Falcons at Steelers
When: 7:30 p.m. Saturday
Where: Heinz Field, Pittsburgh, Pa.
TV, radio: CBS; 550-AM, 102.9 FM
ATLANTA — In just three seasons, Matt Ryan has already earned that elusive tag: franchise quarterback.
You know, the kind of guy who’ll be the centerpiece of your team for a decade or more. Just put some good players around him, stand back and watch the wins come rolling in.
So far, that plan has worked to perfection for the Atlanta Falcons.
In the regular season, at least.
Now, it’s time for Matty Ice to show he can win a playoff game.
“I understand how the NFL works, and how the fans work too,” Ryan said. “You are judged by what you do in January. You have to embrace that. Hopefully, we’ll fully have another opportunity to change that perception.”
The Falcons have gone 33-15 since Ryan arrived in 2008 as the No. 3 overall pick. He claimed the starting job right away and fast-forwarded a rebuilding job that was supposed to take several seasons after Michael Vick went to prison for dogfighting.
Ryan has already thrown for more than 10,000 yards, with 66 touchdowns and just 34 interceptions. More important, he’s guided a franchise that had never had back-to-back winning seasons to three in a row, including an NFC South title and two trips to the playoffs.
It’s in the postseason where things have taken an ugly turn.
He’s thrown only three touchdowns and been picked off four times. He’s been sacked eight times, once for a safety. He’s coughed up two fumbles, one of them returned for a touchdown. Not surprisingly, both trips to the playoffs ended right away with losses, including last season’s hideous 48-21 blowout at home by the eventual Super Bowl championship Green Bay Packers.
“There’s a lot of things you learn in those situations,” Ryan said. “For one, your mistakes are magnified. You’re playing such good opponents and it’s a one game-and-done type of atmosphere. Anytime you make a mistake, it really counts as two. We certainly made too many mistakes in last year’s playoff game. If given that opportunity again, hopefully we can improve on that.”
The way general manager Thomas Dimitroff was wheeling and dealing during the locked-out offseason, it’s clear he feels this team is right on the cusp of winning its first title. On draft day, he mortgaged a great deal of his future to acquire receiver Julio Jones, the sort of breakout threat that seemed to be missing a year ago even with an offense that included Pro Bowlers Ryan, receiver Roddy White, tight end Tony Gonzalez, running back Michael Turner, fullback Ovie Mughelli and tackle Tyson Clabo.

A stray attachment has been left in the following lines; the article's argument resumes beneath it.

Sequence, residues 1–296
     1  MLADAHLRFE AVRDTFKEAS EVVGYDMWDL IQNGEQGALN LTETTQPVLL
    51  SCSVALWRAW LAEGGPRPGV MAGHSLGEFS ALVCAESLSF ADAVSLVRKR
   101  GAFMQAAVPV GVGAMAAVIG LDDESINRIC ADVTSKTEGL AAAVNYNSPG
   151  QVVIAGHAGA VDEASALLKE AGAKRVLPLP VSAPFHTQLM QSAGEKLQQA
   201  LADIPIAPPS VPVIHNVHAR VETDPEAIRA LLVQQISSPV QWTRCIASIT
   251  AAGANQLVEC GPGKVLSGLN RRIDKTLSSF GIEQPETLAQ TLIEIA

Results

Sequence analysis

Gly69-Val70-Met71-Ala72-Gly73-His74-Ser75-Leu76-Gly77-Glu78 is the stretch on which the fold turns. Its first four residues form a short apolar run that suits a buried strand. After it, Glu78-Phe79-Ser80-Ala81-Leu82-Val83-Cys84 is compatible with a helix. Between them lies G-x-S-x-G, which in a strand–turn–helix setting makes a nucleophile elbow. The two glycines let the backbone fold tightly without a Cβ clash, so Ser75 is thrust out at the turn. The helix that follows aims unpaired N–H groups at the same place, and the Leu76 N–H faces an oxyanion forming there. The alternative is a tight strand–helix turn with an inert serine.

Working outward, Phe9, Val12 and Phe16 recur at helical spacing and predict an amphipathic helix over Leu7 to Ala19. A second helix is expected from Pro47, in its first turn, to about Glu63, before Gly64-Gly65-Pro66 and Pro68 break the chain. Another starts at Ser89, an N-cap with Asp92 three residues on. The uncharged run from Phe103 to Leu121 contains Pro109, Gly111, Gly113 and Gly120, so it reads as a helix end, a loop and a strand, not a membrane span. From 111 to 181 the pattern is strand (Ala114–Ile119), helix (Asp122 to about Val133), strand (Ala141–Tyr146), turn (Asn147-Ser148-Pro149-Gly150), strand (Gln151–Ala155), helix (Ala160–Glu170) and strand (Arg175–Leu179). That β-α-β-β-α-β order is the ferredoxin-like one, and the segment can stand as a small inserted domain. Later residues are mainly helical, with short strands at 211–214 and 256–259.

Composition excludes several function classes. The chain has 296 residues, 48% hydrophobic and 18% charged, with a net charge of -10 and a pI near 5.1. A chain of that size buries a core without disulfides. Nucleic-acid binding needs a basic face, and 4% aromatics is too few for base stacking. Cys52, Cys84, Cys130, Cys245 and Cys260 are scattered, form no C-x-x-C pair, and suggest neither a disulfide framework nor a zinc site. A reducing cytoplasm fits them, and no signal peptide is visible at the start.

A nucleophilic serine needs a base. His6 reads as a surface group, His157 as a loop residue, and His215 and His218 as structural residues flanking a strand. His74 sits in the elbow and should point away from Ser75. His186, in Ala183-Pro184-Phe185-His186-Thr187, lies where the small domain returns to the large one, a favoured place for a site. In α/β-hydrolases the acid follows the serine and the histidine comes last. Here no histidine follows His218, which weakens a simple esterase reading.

With Jones added to that already potent group, the Falcons should have no trouble scoring even more points. They’re also counting on having a lot more passing plays of at least 20 yards, ranking next-to-last in that category in 2010.
“It’s a Ferrari offense,” Gonzalez said. “The biggest thing we’ve got to add this year is explosive plays. ... That’s where Julio is going to come in and help us out a lot with his big body and his speed. With him and Roddy and myself and (third receiver) Harry (Douglas), there’s a whole lot of weapons on this teams. And Matt’s the guy driving the car. I feel very comfortable with him driving the Ferrari.”
Dimitroff didn’t neglect the offense, either.
As soon as the lockout was settled and teams could begin signing free agents, Atlanta addressed its biggest need on the other side of the line. John Abraham was a Pro Bowler at defensive end, but he had little help rushing the quarterback — a weakness that Green Bay’s Aaron Rodgers really exploited while carving up the Falcons in the playoffs.
Now, former Minnesota Vikings defensive end Ray Edwards will be lining up on the opposite side from Abraham, a major upgrade over last year’s starter, Kroy Biermann.
Given the trade for Jones and the signing of Edwards, anything less than a trip to the Super Bowl will be a major letdown for a team that went 13-3 last season.
“The opportunity is short in the NFL. You have to take advantage of it while you have it,” Gonzalez said. “The more the merrier, and let’s make a serious run at this thing.”
No one would appreciate a Super Bowl ring more than Gonzalez. The 35-year-old heads into the 15th — and, who knows, maybe the last — season of a brilliant career that will surely take him to Canton after his playing days are over.
Gonzalez has pretty much done it all in his career. Except win a playoff game. Not even one.
As much as his teammates want to bring Atlanta its first NFL title, they really want to give No. 88 a chance to retire as a champion.
“He’s got everything except that Super Bowl ring. We want to get him there,” White said. “He’s been patient. He’s played his heart out for 15 years. He’s been at the top of the game. He’s an awesome locker-room guy and a great pro. He’s showed a lot of people how to play football. That’s a great thing. He should be rewarded.”